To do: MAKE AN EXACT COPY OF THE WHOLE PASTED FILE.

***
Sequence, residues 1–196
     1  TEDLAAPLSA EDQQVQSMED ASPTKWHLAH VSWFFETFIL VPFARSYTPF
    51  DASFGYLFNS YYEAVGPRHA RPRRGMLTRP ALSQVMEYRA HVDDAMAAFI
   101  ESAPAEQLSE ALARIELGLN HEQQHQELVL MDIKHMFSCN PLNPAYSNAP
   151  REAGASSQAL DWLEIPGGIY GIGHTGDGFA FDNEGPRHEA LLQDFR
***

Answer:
Sequence, residues 1–196
     1  TEDLAAPLSA EDQQVQSMED ASPTKWHLAH VSWFFETFIL VPFARSYTPF
    51  DASFGYLFNS YYEAVGPRHA RPRRGMLTRP ALSQVMEYRA HVDDAMAAFI
   101  ESAPAEQLSE ALARIELGLN HEQQHQELVL MDIKHMFSCN PLNPAYSNAP
   151  REAGASSQAL DWLEIPGGIY GIGHTGDGFA FDNEGPRHEA LLQDFR